5. Develop adaptability
Any plan is only as good as the circumstances allow. If we plan to eat at a restaurant on any given evening and hear on the news it burned to the ground, our plans will need to change. We will still eat, just not there.
In this scenario, the goal has two components: Eat, and do it in a specific place. While the destination part of the goal no longer works, the eating part still does. Be flexible and adaptable as circumstances unfold, but keep moving forward to achieve those parts of the goal that are still attainable.
6. Seek feedback
There is a proverb that states, “The way of fools seems right to them, but the wise listen to advice.” In a nutshell, we grow as we seek feedback from those around us.
I have lost track of the number of times I have had a brilliant idea that, upon sharing it with others, has been revealed to be full of flaws. By allowing others to provide feedback, I have not only saved myself from immense embarrassment, but their feedback has also transformed my ideas from good to great.
If you are thinking of quitting, run the rationale by others; chances are, you have lost perspective and your negative thoughts are keeping you from seeing the value in staying the course.
7. Be humble
Chris Suarez stated, “To be honest, as I look at what causes people to quit and resign, hardly ever have I seen someone quit where it wasn’t rooted deep in ego.” Afraid of looking bad or fearing the stigma that goes with perceived failure, they bail.
Those who are truly humble, on the other hand, do not live in fear of what others might think of them and their actions but willingly accept input and direction.
8. Cultivate self-reflection
When we indulge in negativity, we often fail to take the time to stop and analyze how we feel and what transpired to get us to that place.
Charlie Munger once said, “Neither Warren nor I is smart enough to make the decisions with no time to think. We make actual decisions very rapidly, but that’s because we’ve spent so much time preparing ourselves by quietly sitting and reading and thinking.”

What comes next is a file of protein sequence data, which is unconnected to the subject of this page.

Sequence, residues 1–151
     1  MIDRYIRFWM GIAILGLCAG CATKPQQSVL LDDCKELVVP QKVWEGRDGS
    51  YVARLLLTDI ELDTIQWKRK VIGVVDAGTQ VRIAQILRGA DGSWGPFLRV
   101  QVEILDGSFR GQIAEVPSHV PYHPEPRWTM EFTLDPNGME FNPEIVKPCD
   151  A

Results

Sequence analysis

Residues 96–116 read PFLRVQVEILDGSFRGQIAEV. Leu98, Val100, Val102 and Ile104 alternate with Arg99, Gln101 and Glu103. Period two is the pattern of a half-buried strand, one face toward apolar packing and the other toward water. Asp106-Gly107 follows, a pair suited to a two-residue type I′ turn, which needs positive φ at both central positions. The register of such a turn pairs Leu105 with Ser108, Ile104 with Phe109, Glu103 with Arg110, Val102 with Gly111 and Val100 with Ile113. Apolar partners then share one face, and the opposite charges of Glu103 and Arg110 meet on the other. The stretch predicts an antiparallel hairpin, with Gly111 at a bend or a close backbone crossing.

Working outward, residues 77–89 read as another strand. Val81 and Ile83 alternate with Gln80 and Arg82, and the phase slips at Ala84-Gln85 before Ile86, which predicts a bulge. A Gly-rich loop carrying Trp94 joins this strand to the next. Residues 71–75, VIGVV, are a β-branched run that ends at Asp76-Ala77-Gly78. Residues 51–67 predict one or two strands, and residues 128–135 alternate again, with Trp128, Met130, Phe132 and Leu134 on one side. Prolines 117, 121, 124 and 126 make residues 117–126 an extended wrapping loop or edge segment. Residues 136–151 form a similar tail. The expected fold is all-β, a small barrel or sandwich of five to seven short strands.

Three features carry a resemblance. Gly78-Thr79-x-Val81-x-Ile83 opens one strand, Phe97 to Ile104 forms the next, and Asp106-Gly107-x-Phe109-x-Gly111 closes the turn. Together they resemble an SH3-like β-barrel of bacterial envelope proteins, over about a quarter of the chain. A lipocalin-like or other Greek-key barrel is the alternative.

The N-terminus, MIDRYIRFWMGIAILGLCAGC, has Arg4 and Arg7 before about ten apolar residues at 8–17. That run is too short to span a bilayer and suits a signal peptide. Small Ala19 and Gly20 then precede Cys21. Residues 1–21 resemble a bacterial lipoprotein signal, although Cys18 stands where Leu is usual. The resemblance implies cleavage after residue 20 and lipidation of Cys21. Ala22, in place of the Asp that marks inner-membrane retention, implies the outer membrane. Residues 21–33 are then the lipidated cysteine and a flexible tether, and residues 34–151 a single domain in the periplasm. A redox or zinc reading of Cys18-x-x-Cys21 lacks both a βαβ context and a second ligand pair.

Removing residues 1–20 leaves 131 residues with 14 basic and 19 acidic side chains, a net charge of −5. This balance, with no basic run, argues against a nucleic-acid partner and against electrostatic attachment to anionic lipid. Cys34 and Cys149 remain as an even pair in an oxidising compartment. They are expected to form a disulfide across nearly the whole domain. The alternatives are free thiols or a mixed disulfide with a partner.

Thinking of quitting? Take the time to stop and truly think about why you have come to that decision. Instead of reacting with your emotions, consciously stop the bus, get off and process. Then do No. 6 above.
9. Practice mindfulness and stress management
Stress is a killer. Some, assailed by stressful situations, believe that the only answer is to flee. Stress can actually be managed and turned into an asset. Instead of using stress as a reason to exit, use it to improve your quality of life by following stress management suggestions from the Mayo Clinic:
- Learn skills such as problem-solving, focusing on important tasks first and managing your time.
- Improve your ability to cope with difficult events that happen in life. For example, you may learn how to improve your emotional awareness and reactions. You also may learn how to increase your sense of control. And you may find greater meaning and purpose in life and have more gratitude and optimism.
- Practice relaxation techniques such as deep breathing, yoga, meditation, tai chi, exercise and prayer.
- Improve your personal relationships.
10. Learn from setbacks
Every setback or failure, if viewed correctly, is a stepping stone to success.
The story is told of an employee who made a mistake that cost the company over a million dollars. Assuming the worst, he went into his manager’s office to hand in his resignation. Rather than allowing him to quit, his boss stated, “Why would I fire you when I’ve just paid such a huge amount for your education? Just don’t make the same mistake again.”
Failure is not a reason to quit. Pick yourself up, dust yourself off, and get back to it.
11. Develop long-term perspective
True success involves a long-term view. While it is true there are lottery winners and instant success stories out there, the odds are so small as to be considered negligible. It’s one of the reasons cheeses that have matured over years cost more than a product that was manufactured mere months ago: It’s just better.
Businesses always have up-and-down cycles. If we quit now, we lose the opportunity of being there to reap the benefits of the rebound.
12. Conduct regular check-ins
Gary Keller famously stated, “Accountability is the breakfast of champions.” So true. Regular check-ins with a supervisor, coach or mentor will help us stay on track and provide the encouragement needed to keep us inspired and moving forward.
Working on our own with no accountability is comparable to being in solitary confinement; there is a reason that in most prisons, it is considered the ultimate punishment.
We all face the desire to quit at one point or another in our lives. Those who recognize the signs for what they are and push through are the ones who ultimately succeed. If we quit the race early, we will never end up in the winner’s circle.